Note: The Sandpiper is proud to present a 3-part series about the role of the Del Mar San Dieguito Lagoon Committee in preserving and restoring the Lagoon. Phase I, presented in our November issue, dealt with early history: getting organized and shaping the vision.
Nancy Weare | Ocean View Avenue
and Dawn Rawls | Klish Way
The San Dieguito Lagoon. Photo Stu Smith
Throughout the story of the Lagoon’s restoration runs the undercurrent of engendering community involvement and enthusiasm. In 1986 the Lagoon Committee prepared a traveling slide show that visited communities up and down the floodplain to foster support for restoring the San Dieguito River floodplain both east and west of the freeway. This slide show proved invaluable in making people aware of the importance of restoring the lagoon. In May 1987, at the urging of property owners and the State Department of Commerce, the California Coastal Conservancy held a public meeting to discuss amending the Enhancement Program to allow commercial development of floodplain property near the lagoon. More than 600 people attended this meeting to voice their strong support for the restoration of the lagoon and opposition to the development plans. In 1989 Del Mar endorsed a concept plan shepherded by the Lagoon Committee for extending the restoration east of I-5 to El Camino Real with trails along the north side of the river and a nature center. This support helped lead to the eventual purchase of the property for lagoon restoration in 1991.
Great Egret enjoying the San Dieguito Lagoon.
Photo Stu Smith
In 1991, the Coastal Commission selected the San Dieguito Lagoon as the site for a 150-acre mitigation project by Southern California Edison. The JPA, wildlife agencies, restoration experts, community groups including the Lagoon Committee, The San Dieguito River Valley Land Conservancy and Friends of the San Dieguito River Valley, and homeowners along the river valley worked with Southern California Edison (SCE) to develop the restoration plan, aimed at enhancing the biological, aesthetic and recreational values of this resource.
The Coastal Commission’s goal was to create a vibrant ecosystem in the lagoon that would become a fish nursery, replacing fish population losses incurred at the water intake valves of SCE’s San Onofre Nuclear power plant. The Environmental Impact Report (EIR) process started in 1998. Certification of the EIR was an arduous process, featuring lawsuits from beach residents who feared loss of beach sand once the river mouth was permanently opened. Strong beach sand monitoring programs were added to complement the biological and water-quality monitoring imposed by the Coastal Commission in the Development Permit procedures. The Wetlands Restoration plan also traveled through permitting processes in Del Mar and San Diego. Guiding, encouraging and advocating for the Restoration became a driving goal for SCE’s David Kay, the River Park JPA’s Dick Bobertz and Susan Carter and San Diego County Supervisor Pam Slater-Price with support from members of the Lagoon Committee. Groundbreaking ceremonies in November 2005 were cause for heartfelt celebration and a communal sigh of relief.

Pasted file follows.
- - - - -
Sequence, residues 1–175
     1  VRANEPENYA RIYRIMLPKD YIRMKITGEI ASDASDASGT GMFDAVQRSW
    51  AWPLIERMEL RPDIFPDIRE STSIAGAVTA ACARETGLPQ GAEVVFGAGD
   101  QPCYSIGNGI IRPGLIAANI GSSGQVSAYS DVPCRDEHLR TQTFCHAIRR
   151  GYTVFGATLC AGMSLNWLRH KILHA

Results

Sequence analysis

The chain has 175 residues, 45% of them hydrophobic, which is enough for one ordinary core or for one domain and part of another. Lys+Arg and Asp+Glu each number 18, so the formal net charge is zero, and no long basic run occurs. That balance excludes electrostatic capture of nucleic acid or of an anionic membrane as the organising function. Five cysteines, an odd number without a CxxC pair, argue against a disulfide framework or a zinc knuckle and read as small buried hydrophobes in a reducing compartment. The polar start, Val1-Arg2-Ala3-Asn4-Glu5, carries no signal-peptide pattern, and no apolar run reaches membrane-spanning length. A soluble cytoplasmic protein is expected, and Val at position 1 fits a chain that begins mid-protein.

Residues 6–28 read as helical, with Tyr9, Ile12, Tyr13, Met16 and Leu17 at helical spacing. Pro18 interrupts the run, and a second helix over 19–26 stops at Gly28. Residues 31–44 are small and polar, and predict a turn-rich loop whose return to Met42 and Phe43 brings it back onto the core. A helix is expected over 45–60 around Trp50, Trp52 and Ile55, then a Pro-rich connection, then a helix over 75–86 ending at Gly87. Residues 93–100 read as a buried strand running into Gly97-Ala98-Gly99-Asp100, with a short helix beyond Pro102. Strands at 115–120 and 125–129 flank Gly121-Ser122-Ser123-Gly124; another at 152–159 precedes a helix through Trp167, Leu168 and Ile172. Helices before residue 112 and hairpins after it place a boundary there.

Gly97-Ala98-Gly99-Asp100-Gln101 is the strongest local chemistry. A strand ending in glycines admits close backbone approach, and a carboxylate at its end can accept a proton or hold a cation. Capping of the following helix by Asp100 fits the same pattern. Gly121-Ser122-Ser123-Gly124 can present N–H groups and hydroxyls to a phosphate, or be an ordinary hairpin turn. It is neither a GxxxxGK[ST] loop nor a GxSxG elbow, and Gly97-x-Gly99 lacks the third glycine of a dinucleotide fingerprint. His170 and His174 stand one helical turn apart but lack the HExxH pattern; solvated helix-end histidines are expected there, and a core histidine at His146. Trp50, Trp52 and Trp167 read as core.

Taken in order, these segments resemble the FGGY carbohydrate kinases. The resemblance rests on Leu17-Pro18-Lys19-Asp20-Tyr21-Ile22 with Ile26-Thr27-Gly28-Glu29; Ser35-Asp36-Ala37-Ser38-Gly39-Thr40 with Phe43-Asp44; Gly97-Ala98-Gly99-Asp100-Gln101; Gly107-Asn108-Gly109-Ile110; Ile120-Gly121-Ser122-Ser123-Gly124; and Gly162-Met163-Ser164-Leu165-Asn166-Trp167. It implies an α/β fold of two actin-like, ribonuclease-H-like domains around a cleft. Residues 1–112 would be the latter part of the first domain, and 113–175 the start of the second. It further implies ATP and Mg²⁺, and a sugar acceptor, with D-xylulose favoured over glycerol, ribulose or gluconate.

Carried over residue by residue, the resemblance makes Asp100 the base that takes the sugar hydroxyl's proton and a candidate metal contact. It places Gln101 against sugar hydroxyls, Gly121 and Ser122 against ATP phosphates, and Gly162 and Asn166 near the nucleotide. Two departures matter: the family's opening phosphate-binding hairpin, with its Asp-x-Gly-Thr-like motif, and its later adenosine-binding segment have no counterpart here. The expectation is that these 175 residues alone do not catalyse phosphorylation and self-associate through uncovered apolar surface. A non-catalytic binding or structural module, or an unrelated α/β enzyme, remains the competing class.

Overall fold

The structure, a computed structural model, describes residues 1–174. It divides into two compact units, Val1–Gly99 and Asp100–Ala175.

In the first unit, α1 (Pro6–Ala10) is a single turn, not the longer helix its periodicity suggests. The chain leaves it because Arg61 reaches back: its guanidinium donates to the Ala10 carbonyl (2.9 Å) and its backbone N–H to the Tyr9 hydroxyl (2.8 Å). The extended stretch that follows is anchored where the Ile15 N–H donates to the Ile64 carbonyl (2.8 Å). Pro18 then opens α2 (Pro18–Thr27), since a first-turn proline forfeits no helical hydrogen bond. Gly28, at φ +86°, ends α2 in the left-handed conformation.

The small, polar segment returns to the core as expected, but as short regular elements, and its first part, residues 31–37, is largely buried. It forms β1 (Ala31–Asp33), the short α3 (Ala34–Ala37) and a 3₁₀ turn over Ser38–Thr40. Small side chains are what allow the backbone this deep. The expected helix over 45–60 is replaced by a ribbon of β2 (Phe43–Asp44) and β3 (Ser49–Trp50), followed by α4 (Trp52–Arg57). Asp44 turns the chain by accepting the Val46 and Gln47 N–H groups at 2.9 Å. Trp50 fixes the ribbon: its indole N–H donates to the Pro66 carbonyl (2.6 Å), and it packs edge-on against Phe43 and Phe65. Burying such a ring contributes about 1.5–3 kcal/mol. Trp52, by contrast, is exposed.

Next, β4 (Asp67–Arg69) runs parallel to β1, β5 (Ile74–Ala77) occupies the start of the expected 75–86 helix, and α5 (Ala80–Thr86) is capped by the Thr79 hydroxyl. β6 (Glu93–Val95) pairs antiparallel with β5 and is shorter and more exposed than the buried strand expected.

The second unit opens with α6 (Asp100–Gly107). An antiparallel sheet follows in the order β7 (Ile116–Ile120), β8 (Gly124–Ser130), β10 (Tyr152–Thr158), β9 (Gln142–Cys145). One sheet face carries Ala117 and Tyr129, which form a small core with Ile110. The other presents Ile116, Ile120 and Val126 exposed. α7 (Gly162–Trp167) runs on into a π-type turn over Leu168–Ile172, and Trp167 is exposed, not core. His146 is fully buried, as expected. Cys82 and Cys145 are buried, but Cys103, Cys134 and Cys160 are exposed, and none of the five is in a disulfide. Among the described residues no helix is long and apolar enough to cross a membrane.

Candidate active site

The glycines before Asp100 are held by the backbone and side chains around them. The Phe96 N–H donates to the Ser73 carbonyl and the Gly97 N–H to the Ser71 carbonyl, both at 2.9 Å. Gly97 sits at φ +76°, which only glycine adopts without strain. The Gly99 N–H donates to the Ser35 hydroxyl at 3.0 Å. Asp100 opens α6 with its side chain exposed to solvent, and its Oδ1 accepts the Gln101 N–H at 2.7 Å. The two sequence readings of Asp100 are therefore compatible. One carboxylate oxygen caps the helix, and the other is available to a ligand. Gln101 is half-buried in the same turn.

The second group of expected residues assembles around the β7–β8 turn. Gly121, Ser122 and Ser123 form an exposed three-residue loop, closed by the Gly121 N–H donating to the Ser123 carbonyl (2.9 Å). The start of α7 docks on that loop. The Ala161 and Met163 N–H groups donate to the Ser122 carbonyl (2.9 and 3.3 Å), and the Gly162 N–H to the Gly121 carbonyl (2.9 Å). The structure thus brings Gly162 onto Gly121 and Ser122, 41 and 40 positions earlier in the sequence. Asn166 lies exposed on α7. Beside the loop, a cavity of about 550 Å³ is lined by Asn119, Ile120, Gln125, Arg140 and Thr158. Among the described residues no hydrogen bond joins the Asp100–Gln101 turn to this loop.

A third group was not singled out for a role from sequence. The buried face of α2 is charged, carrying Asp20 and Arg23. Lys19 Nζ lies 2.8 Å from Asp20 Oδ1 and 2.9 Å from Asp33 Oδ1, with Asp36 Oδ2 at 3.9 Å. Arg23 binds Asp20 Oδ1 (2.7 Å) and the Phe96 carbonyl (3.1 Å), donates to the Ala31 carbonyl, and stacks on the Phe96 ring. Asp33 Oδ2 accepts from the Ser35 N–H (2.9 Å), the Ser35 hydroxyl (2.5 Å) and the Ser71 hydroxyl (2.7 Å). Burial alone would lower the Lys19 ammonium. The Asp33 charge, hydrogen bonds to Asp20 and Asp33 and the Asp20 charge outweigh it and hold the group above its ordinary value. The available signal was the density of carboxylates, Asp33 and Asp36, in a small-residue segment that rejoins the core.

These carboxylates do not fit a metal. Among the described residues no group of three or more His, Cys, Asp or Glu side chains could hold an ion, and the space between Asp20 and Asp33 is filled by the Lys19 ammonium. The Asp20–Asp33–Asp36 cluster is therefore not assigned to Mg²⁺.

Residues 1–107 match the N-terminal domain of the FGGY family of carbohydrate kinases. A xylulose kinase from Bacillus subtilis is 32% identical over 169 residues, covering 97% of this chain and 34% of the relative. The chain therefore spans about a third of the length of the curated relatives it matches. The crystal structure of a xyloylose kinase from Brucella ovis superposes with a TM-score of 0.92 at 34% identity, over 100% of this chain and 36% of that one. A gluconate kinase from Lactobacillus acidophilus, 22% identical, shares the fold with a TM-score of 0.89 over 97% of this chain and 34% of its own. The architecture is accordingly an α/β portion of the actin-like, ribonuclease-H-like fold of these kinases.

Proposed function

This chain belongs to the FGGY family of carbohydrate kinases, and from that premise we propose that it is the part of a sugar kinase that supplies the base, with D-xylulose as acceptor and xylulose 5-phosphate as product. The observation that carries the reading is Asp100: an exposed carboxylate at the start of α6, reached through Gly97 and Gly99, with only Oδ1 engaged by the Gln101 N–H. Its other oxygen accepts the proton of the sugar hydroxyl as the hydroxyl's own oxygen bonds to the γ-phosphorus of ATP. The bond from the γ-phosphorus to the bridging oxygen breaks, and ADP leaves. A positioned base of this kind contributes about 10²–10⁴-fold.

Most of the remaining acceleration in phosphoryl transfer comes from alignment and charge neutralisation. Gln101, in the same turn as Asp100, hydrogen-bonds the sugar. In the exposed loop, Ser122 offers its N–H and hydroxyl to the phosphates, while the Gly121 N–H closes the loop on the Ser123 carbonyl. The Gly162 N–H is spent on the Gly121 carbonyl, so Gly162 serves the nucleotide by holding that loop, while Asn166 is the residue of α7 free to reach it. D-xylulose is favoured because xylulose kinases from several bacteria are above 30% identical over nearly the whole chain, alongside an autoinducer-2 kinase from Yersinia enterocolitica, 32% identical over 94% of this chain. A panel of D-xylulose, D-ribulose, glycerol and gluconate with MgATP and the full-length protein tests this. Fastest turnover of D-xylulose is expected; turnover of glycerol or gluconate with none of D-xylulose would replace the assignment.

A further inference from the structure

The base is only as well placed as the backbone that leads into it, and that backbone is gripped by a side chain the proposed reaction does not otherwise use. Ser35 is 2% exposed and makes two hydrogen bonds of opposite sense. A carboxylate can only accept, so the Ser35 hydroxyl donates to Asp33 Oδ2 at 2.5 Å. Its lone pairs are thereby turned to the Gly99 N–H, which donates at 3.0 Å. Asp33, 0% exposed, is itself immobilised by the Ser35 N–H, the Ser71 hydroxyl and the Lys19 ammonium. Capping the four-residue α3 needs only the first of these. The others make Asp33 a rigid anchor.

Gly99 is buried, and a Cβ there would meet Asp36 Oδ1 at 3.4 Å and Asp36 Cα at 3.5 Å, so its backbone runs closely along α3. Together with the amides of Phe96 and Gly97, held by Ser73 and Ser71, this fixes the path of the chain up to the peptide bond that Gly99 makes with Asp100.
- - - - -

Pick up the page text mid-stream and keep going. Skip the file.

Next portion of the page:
Dedication of San Dieguito Lagoon Restoration, Nov 7, 2011. At the podium: Jacqueline Winterer. Directly behind her: Pamela Slater-Price and Bill Michalsky. Photo Stu Smith
The Marathon construction team became swept up in zeal for this project and their conviction shows. A vintage World War II airstrip was transformed into a thriving mega pond, surging with ocean water and fresh river water making a perfect brackish mix that now is the safe haven for a vigorous expanding ecosystem. The project was completed in September with final dredging of the river mouth and deepening of the river channel leading into the lagoon. Millions of young fish now thrive amidst a proper balance of invertebrates, appropriate plant communities, land animals and upwards of 200 different species of birds.
In conjunction with the inspired leadership of Jacqueline Winterer, of the Friends of the San Dieguito River Valley, the Lagoon Committee became part of the team that saved the Grand Avenue Bridge, which once offered access to that WWII airstrip. Rather than demolishing the entire bridge, SCE/Marathon Construction followed the Friends’ conversion plans, giving us the Grand Avenue Bridge Overlook, now a favorite spot for bird-, fish-, crab- and cloud-watching.
November 7, 2011 marked the dedication of the completed San Dieguito Wetlands Restoration held along the Coast-to-Crest Trail segment at the foot of San Andres Dr near Albertson’s shopping center. The first hour of the two-hour gathering centered on members of the communities that had contributed, throughout four decades, to the San Dieguito Lagoon’s restoration. Conversations bloomed, memories resurfaced. Spirits soared, along with the hawks and terns. Smiles sparkled as bright as the sun-glints off the tidal waters flowing into the river. Dreams had come into fruition.